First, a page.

Global Policy Forum

Two Nations Get Warning on EU Membership


By Graham Bowley & Dan Bilefsky

International Herald Tribune
October 25, 2005

Romania and Bulgaria on Tuesday will receive a blunt warning that their entry into the European Union could be delayed by a year unless they rein in corruption and accelerate the pace of reform of their judicial systems, according to EU officials.

Progress reports to be presented to the European Parliament in Strasbourg by the EU enlargement commissioner, Olli Rehn, stress that the two countries still have a long way to go to fight corruption and may miss their planned accession to the EU in 2007 if they fail to make faster progress, according to the officials, who requested anonymity because they did not want to speak on the record before the report was presented Tuesday. "We want them to make it in time for accession, but the commission would not hesitate to recommend postponement for one year," said an EU official in Brussels.

The reports are the last before the European Commission is to make a final decision in April or May on whether to recommend that the two countries should join the EU as planned in 2007 or be delayed a year. "The commission has made no secret that it is not satisfied with the pace of reforms and can use a safeguard clause if the countries do not get their acts together by this spring," said an official familiar with the reports.

The entry by Romania and Bulgaria into the European Union has become more delicate following the rejection by France and the Netherlands of the proposed EU constitution in referendums this year. Those outcomes were blamed partly on voter disapproval of further widening of the EU. The votes appeared to suggest that existing EU members, especially slow-growing economies such as France, were losing their appetite for further enlargement that would bring more poor countries into the Union.

In April this year, all 25 EU member states signed an accession treaty putting Romania and Bulgaria on the path for membership by 2007 - but with safeguard clauses if the two countries failed to make reforms. The reports are also expected to highlight concerns in areas such as border controls, human trafficking and action against organized crime. Earlier this month the EU agreed to start membership talks with Turkey but only after a bitter debate about allowing the large, impoverished Muslim country into the bloc. These issues are again at play in the case of Romania and Bulgaria, and sensitivities risk being inflamed further by the failure of the aspirant countries to make sufficient progress on corruption and judicial reform.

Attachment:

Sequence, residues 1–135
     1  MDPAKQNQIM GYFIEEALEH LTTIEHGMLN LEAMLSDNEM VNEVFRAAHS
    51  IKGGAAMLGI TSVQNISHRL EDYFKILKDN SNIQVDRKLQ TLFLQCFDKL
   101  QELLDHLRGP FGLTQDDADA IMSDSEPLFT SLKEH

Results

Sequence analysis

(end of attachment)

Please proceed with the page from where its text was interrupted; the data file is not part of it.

Solomon Passy, head of the Bulgarian National Assembly's Committee on Foreign Policy, said, "We have a full understanding of the job which lays in front of us and we have the capacity and the know-how to do it." Passy, a former foreign minister, said, "The climate for European enlargement is much more hostile today than it was 18 months ago, and this is an additional challenge which we must overcome."

Romania, with a population of about 22 million, would be the EU's seventh-largest member but among its poorest. Bulgaria is smaller, with a population of about 7.5 million, but lingering concerns about corruption and other issues, including border security, meant that it, along with Romania, was not included in the last wave of EU enlargement in May 2004. Ten states, mostly in Central and Eastern Europe, including Poland, and Romania's neighbor Hungary, were admitted to the bloc at that time.

The commission's assessment is expected to be an especially tough blow for Bulgaria, which until recently was considered ahead of Romania in approving and carrying out EU-mandated reforms. But the report is expected to show that Bulgaria has slipped. One of the chief reasons for this is indecisive parliamentary elections this summer, which left the country without a government for six weeks. By far the biggest challenge facing both countries is the extent to which their justice systems remain mired in corruption and fraud.

President Traian Basescu of Romania, elected in autumn 2004, has made the fight against corruption his signature policy. The number of people facing corruption allegations in Romania have included a former justice minister, more than 1,100 doctors and teachers, 170 police officers and 3 generals, according to the anticorruption prosecutor's office, an independent body set up by the government to fight corruption. EU officials say that Romania's corruption problems persist in part because judges and government officials are among the lowest paid in Europe, making them susceptible to bribes.

Matthew Brunwasser contributed reporting from Sofia.

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